Roadmender Recommends

Smart Collaboration: How Professionals and Their Firms Succeed by Breaking Down Silos

Not all collaboration is smart. Make sure you do it right. Professional service firms face a serious challenge. Their clients increasingly need them to solve complex problems–everything from regulatory compliance to cybersecurity, the kinds of problems that only teams of multidisciplinary experts can tackle. Yet most firms have carved up their highly specialized, professional experts into narrowly defined practice areas, and collaborating across these silos is often messy, risky, and expensive. Unless you know why you’re collaborating and how to do it effectively, it may not be smart at all. That’s especially true for partners who have built their reputations and client rosters independently, not by working with peers. In “Smart Collaboration,” Heidi K. Gardner shows that firms earn higher margins, inspire greater client loyalty, attract and retain the best talent, and gain a competitive edge when specialists collaborate across functional boundaries. Gardner, a former McKinsey consultant and Harvard Business School professor now lecturing at Harvard Law School, has spent over a decade conducting in-depth studies of numerous global professional service firms. Her research…READ ON


The Top Collaboration Successes of 2016

2016 has been a happening year in the realm of enterprise collaboration market. While the year saw a lot of new entrants in new age technology spaces, a host of established tech companies realigned their strategies, welcoming more consolidation and collaborative moves. Shared gains were realised, as leaders identified synchronous opportunities to delve in new markets and new geographies. This article outlines some of the most significant collaborative developments that will set the pace for further collaboration in 2017…READ ON


Why Collaboration Will Drive Blockchain’s Success in 2017

The closer the collaboration between developers and commercial organizations, the better the results that emerge. And the closer everybody works with consumers, the more likely it is that the result will be something attractive to them.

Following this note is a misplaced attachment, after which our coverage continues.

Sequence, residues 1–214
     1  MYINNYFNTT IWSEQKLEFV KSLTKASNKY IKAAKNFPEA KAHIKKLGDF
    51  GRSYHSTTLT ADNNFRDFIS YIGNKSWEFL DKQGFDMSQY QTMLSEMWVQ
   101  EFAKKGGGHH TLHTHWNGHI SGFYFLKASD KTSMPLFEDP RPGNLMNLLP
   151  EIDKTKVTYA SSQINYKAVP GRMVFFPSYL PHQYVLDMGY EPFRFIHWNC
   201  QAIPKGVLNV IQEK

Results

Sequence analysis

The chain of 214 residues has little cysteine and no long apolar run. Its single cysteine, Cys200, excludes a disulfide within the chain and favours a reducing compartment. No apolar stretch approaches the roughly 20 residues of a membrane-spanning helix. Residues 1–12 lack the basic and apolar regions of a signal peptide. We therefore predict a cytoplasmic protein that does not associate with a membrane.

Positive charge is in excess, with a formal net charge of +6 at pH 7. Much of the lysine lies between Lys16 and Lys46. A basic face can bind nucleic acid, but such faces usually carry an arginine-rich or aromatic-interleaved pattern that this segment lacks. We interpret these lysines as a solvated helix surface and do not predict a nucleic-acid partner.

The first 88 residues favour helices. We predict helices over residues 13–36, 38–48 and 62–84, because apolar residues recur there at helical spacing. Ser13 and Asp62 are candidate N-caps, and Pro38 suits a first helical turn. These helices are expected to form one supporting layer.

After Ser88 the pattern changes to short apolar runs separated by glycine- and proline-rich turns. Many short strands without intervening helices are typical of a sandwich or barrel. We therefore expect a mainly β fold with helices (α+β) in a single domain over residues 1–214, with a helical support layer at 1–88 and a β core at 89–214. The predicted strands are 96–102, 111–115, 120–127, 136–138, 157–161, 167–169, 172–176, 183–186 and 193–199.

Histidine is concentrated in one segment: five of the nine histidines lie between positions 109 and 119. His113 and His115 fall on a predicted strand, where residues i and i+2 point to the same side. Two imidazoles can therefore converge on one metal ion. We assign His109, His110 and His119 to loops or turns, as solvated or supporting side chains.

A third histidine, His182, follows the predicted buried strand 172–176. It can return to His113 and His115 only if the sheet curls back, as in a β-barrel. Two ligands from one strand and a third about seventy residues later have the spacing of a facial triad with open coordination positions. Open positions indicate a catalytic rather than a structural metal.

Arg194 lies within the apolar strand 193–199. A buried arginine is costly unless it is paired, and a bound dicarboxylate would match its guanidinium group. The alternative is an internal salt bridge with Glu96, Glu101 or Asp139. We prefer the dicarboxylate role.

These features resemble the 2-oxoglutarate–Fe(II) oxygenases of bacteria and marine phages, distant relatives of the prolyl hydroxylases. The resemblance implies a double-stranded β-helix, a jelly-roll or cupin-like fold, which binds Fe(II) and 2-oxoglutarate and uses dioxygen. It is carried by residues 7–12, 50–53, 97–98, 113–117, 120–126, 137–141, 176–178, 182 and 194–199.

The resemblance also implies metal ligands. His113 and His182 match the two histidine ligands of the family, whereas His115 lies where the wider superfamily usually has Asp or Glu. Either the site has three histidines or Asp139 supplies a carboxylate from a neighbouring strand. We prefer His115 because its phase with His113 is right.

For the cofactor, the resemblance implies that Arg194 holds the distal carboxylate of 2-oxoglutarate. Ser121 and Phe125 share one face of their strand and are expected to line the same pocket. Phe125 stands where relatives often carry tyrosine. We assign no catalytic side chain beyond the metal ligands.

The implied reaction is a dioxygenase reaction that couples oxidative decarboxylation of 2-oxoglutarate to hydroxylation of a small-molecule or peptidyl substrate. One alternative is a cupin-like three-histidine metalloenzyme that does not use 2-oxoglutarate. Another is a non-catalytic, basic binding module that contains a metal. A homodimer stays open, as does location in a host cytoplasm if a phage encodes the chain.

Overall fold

This technology is young: the tools to interact with it are designed largely for developers. Creating experiences for consumers is hard, and allowing consumers to interact with it directly can be even harder.

An example: every action on public blockchains requires a transaction fee in a cryptocurrency. It is a small fee, but it is greater than zero. That was acceptable when blockchains were used solely for financial transactions, but today’s use cases have expanded…READ ON


Getting Your Stars to Collaborate


Getting Your Stars to Collaborate

How can you transform a competitive, star-driven culture into a collaborative one? Companies struggle with that question, particularly when knowledge work is the offering. Here’s the underlying tension: Their subject-matter experts must deeply immerse themselves in their disciplines to stay on the cutting edge. And yet that expertise must be integrated across fields and areas of practice to solve the complex problems that today’s customers face.

Can you have it both ways? Yes—by engaging in smart collaboration, which is about producing results, not just playing nicely together in the sandbox…READ ON


Conservation Requires Collaboration

One of the most exciting moments for me in 2016 was President Obama’s decision to expand the Papahānaumokuākea Marine National Monument. With 582,578 square miles off the coast of Hawaii designated for permanent protection, the U.S. created the world’s largest protected area, hosting more than 7,000 marine species, many of which are endangered or endemic to the Hawaiian Islands. Papahānaumokuākea provides undisturbed nesting beaches for threatened Hawaiian green turtles and critical habitat for other species of sea turtles, like critically endangered Pacific leatherbacks and hawksbills as well as endangered loggerheads and olive ridleys, offshore. By achieving buy-in from diverse stakeholders to…READ ON